Saturday, 6 December 2014


"I’m saying Brown Vs. Board of Education. We’ve got to hit the streets, ladies and gentlemen. I’m winding up, now , no more applause. I’m saying, look at the Black Muslims. There are Black Muslims standing on the street corners and they say so forth and so on, and we’rere laughing at them because they have bean pies and all that, but you don’t read “Black Muslim gunned down while chastising drug dealer.” You don’t read that. They don’t shoot down Black Muslims. You understand me. Muslims tell you to get out of the neighborhood. When you want to clear your neighborhood out, first thing you do is go get the Black Muslims, bean pies and all (laughter). And your neighborhood is then clear. The police can’t do it .

I’m telling you Christians, what’s wrong with you? Why can’t you hit the streets? Why can’t you clean it out yourselves? It’s our time now, ladies and gentlemen. It is our time (clapping). And I’ve got good news for you. It’s not about money. It’s about you doing something ordinarily that we do—get in somebody else’s business. It’s time for you to not accept the language that these people are speaking, which will take them nowhere. 

What the hell good is Brown V. Board of Education if nobody wants it?" 

Bill Cosby, The Pound Cake Speech

"In the aftermath of the rash of fires at black churches, and with the strong support of the Leadership Conference on Civil Rights, Congress passed and President Clinton signed into law the Church Arsons Prevention Act of 1996. With bipartisan sponsorship by Reps. Henry Hyde and John Conyers and Sens. Edward Kennedy and Lauch Faircloth, it enhances federal jurisdiction over and increases the federal penalties for the destruction of houses of worship. And Congress and the Administration provided $12 million for a federal investigation of the church fires. In addition, the Act gives a continuing mandate to the Hate Crime Statistics Act.

The U.S. Commission on Civil Rights (USCCR) has undertaken a project to produce radio public service announcements on discrimination and denials of equal protection of the law. The first PSA "Discrimination: Just Out of Tune with America," was recorded by Mary Chapin Carpenter and began running in January, 1996. The next PSA which will be recorded by Bill Cosby will carry the theme "Teach Children the Need to Be Tolerant and to Value Differences."

In Washington, D.C., where drug wars have turned our national capital into the world`s murder capital, the most effective anti-drug unit has turned out to be an unusual bunch of volunteers who call themselves ``the dopebusters.``

They have no official connection to the police, the FBI or drug czar William Bennett.

They are Black Muslims, members of Minister Louis Farrakhan`s controversial Nation of Islam.

Armed with walkie-talkies, they patrol certain apartment buildings and housing developments in characteristic Muslim duds: Conservative suits, bow ties, white shirts and clean-shaven heads.

They began patrolling Mayfair Mansions, an all-black, formerly middle-class apartment development, last year after residents invited them to try their luck against local drug dealers.

The results were immediate and decisive. After a few confrontations with Muslim-style rough justice in Mayfair and the Paradise Manor apartments next door, local drug dealers took their trade elsewhere.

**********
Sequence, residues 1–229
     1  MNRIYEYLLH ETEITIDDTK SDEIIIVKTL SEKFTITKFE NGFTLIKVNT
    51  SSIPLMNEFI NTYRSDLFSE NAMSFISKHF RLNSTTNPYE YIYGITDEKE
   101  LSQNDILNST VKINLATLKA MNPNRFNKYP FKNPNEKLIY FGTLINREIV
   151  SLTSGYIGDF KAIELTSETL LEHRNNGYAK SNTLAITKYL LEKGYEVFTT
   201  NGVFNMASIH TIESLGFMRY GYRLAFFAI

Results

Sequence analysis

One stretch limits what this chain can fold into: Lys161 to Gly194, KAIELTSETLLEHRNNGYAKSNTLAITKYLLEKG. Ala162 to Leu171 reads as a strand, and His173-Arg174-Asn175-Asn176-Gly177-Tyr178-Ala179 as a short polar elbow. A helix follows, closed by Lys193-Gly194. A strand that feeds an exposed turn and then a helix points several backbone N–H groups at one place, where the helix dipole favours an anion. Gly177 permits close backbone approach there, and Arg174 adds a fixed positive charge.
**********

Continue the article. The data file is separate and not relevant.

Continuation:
Local crime went down. Drug-related killings stopped. Though the District of Columbia police chief criticized the Muslim patrol as vigilantism at first, the support of some District council members brought cooperation. Residents breathed easier. Children again played outdoors. Senior citizens walked in peace.

Requests for more Muslim aid poured in from neighborhood, civic, tenant and religious groups throughout the Washington area. Just as criminal activity feeds on itself, so does community crime-fighting.

Yet the Muslim success has received little coverage outside the D.C. area. We are reluctant to take the Black Muslims seriously, it appears, even when they are making a serious dent in a serious problem.

By ignoring such grass-roots, community-based efforts, we may be cheating ourselves of information that can lead us to more effective solutions, with Muslims or without.

Like others, I have reservations about the use of Muslims as irregular volunteers in the anti-drug war. Their recent history has been riddled as much with controversy as their earlier days were riddled with bullets.

Take their regard for constitutional rights, for example. When a local television camera crew recorded about 10 Muslims meting out their special brand of rough justice on a man wielding a shotgun, the Muslims beat up the camera operator, too.

Then there are the charges of extortion. One apartment building manager said a Muslim representative told her that the Muslims would appreciate a
``donation`` of, say, $5,000 in exchange for dopebusters` security work.

Granted, the Muslims` clean-shaven bruisers can seem intimidating. Then again, good security costs. Public demand has outstripped the Muslims` ability to bear all costs themselves. What price safety?

When his men roughed up the TV crew, Dr. Abdul Alim Muhammad, the black physician who heads the Nation of Islam`s D.C. mosque, apologized. You have seen us at our worst, he pleaded to news media; now come back and see us at our best. Perhaps we should.

Robert Woodson, the black conservative who heads the Washington-based National Center for Neighborhood Enterprise, is dismayed that, as federal officials call for more police and beefed-up security in public housing, they overlook grass-roots crime-fighting efforts like the Muslim ``dopebusters.``

``We would rather risk failure with people with whom we are comfortable than risk success with those who hold unorthodox views,`` Woodson said.

It has become axiomatic among black commentators to wax nostalgic about the old days when those of us who grew up in black neighborhoods (they were not called ``ghettos`` then) looked out for each other, helped each other through hard times and disciplined each other`s children when they misbehaved. Our wealth was in our spirit and our moral network, woven too tight for social decay to eat its way through.

Back then, the Muslims were generally regarded as a quaint, if eccentric, group, selling their newspapers, philosophy and fresh fish door to door. No one would have guessed that now, in an age of unprecedented progress for black Americans, we would be looking to these same Muslims for a semblance of law and order.